- Place of origin:
Southwark (possibly, made)
ca. 1600 (made)
- Materials and Techniques:
Oak, carved and inlaid with sycamore, holly and bog-oak
- Museum number:
- Gallery location:
British Galleries, Room 56, The Djanogly Gallery, case 7
A draw table is an extending table with the top divided into three leaves. Those at each end slide under the central leaf when the table is closed. To open the table, the end leaves are drawn out and the central leaf occupies the space in the middle, so forming a continuous surface. Draw tables were known in the early 17th century and were sometimes called drawing tables.
Design & Designing
The bulbous legs are of Flemish origin. They were introduced into England through immigrant craftsmen and continental pattern books by designers such as Wendel Dietterlin of Strasbourg (1550-1599) and Hans Vredeman de Vries of Antwerp (1527-?1606).
The inlay, chequer patterns and diagonal banding are characteristic of work by Dutch and Flemish refugee craftsmen in Southwark, London. The acanthus leaf carving and gadrooning on the vases are typical of draw tables made in England in the period from 1585 to 1630. (The gadrooning is the carved decoration with convex reeds on the edges of the 'apron' and stretchers.)
The table came from Spains Hall, near Finchling, Essex, the seat of the Kempe family.
Draw-Table; the top rests on rails with panels of geometrical marquetry consisting of small-scale chequer boards and rhombuses separated by square ornaments, using sycamore, bog oak, and other woods. Below this is a narrow carved moulding with stylised egg and dart ornament. The four legs are of heavy baluster form, each composed of a modified Ionic capital, a bulbous body carved above with gadroons and below with acanthus and resting on a turned base, with a squared foot on which is simple punched decoration. They are connected below by four stretchers moulded (identically) on their inner and outer faces, and gently rounded on their upper face, where a moulded surface has been worn away. Both short leaves have been cut with shallow finger-pulls. A dark stain has been over all of the show surfaces.
For a diagram of the opening mechanism of this type of table, see John C. Rogers, English Furniture, revised and enlarged by Margaret Jourdain. (London, 1950), p.35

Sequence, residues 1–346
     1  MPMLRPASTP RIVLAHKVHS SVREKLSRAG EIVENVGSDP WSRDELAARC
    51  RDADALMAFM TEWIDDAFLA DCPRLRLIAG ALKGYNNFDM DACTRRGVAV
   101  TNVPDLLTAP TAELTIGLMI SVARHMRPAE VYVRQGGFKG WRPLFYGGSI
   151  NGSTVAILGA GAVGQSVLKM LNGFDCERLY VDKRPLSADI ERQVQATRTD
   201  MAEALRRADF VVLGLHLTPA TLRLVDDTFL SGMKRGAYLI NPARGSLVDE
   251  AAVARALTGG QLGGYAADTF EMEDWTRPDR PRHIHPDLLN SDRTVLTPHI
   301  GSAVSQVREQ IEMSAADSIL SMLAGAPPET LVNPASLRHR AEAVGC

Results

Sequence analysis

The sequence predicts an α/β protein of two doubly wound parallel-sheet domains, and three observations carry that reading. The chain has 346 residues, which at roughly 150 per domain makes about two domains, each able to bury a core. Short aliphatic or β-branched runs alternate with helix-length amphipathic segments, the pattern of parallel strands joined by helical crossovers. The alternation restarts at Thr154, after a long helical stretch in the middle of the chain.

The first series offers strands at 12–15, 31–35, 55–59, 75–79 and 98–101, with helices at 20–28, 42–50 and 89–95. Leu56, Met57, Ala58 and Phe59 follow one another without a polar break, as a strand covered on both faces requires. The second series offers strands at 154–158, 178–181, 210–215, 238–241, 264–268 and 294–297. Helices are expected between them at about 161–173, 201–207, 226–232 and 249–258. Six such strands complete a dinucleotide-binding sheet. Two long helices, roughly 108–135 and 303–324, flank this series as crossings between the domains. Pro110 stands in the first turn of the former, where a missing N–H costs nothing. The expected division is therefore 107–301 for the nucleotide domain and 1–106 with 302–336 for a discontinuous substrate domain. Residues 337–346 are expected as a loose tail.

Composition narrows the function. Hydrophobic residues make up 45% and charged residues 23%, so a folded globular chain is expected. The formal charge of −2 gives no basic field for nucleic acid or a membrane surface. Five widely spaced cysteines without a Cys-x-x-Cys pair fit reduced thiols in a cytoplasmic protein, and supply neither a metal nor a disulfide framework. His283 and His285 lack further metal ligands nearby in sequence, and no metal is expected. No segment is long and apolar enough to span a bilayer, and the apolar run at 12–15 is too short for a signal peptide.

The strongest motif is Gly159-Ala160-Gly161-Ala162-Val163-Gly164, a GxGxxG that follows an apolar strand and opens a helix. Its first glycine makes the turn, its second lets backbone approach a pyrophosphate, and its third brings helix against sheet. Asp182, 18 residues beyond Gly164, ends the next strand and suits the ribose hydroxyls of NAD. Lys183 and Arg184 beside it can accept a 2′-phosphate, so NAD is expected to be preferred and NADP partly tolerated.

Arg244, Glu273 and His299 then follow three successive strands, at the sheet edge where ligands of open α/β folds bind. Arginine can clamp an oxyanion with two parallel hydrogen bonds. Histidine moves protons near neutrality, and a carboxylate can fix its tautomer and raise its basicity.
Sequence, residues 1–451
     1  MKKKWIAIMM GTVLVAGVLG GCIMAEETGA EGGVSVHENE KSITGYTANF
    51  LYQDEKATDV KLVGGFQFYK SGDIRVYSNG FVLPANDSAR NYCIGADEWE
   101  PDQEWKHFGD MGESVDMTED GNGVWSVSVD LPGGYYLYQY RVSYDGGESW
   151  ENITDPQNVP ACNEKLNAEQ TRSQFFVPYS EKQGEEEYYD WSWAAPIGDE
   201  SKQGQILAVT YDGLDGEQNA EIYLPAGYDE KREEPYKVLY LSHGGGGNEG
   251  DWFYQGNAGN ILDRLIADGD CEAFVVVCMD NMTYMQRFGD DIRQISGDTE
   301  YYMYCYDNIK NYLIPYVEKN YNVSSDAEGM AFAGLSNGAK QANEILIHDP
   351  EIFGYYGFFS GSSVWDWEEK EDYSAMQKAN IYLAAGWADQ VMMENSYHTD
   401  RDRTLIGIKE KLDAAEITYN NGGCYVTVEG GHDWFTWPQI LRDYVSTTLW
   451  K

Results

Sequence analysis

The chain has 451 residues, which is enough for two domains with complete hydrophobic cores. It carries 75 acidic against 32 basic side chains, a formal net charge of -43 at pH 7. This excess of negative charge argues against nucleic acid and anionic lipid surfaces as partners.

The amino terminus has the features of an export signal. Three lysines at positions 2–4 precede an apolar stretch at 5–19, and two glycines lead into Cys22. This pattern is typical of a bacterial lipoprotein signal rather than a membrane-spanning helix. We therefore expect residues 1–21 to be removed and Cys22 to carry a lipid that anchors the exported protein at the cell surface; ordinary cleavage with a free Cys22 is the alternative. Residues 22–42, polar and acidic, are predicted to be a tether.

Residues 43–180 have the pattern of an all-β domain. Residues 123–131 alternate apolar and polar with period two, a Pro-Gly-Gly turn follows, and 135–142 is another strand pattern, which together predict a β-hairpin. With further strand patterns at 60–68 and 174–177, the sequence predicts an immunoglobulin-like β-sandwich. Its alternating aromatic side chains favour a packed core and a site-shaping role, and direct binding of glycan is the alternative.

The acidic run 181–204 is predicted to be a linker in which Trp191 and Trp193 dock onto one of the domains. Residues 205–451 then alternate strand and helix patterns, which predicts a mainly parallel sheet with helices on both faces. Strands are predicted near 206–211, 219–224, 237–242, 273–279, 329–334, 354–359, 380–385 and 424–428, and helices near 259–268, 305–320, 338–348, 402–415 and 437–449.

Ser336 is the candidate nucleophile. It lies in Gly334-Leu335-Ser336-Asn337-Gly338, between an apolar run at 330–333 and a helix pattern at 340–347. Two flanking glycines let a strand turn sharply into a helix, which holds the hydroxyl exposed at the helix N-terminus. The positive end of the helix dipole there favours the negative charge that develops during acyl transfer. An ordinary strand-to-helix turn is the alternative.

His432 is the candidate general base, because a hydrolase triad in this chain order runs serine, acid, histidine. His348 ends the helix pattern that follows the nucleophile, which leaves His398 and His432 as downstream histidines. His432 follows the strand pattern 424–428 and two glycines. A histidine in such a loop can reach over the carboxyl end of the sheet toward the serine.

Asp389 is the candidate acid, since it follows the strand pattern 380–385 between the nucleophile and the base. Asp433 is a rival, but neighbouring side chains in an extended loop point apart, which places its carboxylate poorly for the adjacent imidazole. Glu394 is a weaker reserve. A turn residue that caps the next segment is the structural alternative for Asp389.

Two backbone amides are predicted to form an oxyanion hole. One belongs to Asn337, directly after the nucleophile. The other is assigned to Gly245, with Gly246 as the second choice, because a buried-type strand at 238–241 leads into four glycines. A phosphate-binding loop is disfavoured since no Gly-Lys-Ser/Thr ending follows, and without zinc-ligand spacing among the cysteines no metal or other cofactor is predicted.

The table consists of two frames - an upper (the rails) and a lower (the stretchers) joined with pegged mortise and tenon joints to four full-height turned baluster legs. The table top is in three separate sections, of mitred ‘bread board’ construction with four boards arranged longitudily: a long mid-section, ‘floating’ but supported by a transverse mid-rail into which it is located with two glued tenons (presumably added, one missing 2013); two short draw-leaves, each supported on two long lopers (and fixed to them with modern screws). When one or both short leaves are withdrawn, the ends of the lopers cantilever below the transverse mid-rail and also support the long central top section at its normal height. The transverse mid-rail is supported on a full length longitudinal rail in two sections (apparently replacement), both ends of which sit in a deep notch cut in the side rails of the upper frame. On the lower edge of the rails, the applied moulding is nailed on (some sections replaced).
Four iron screw bolts added at the top of each leg, which pass through the square top into the long rails. At one end of the table, the capitals of both legs are missing sections on their inner corners. The wear on the rails seems remarkably consistent. The lopers possibly replacement. It seems possible that both shorter table-top panels are replacements or at least refinished. One, possibly both, ends of the transverse mid-rail has a modern facing batten nailed to its face.
Place of Origin
Southwark (possibly, made)
ca. 1600 (made)
Materials and Techniques
Oak, carved and inlaid with sycamore, holly and bog-oak
Height: 83.2 cm, Width: 183 cm leaves closed, Depth: 84.5 cm, Length: 340 cm fully extended
Object history note
Possibly made in Southwark, London. Said to have come from Spains Hall, Finchinfield, Essex.
Oak Table purchased from Caroline Drummond, executrix & widow of Rev Martin Drummond, Rector of Wanstead, Essex.
Notes from R.P. 19035/1898
23rd April 1898 letter
Clark (on behalf of Drummond) offers Mr Drummond's large oak drawing table of the time of Charles I "in a perfect state of preservation". On 2nd May 1898 he writes again on the merits of the table
5th May 1898, minute paper of Lehfeldt (attached)
reports on his inspection of the table. He describes it as English @ 1600.
7th May 1898, minute paper
describes the table as "Far above the average of English 16th C. work". Mr Seymour Lucas (well known expert on the period) recommends that the Museum secure it as such examples are very rare.
16th May 1898, purchase form
describes the condition of the oak drawing table as "chipped & scratched". It is purchased for £80.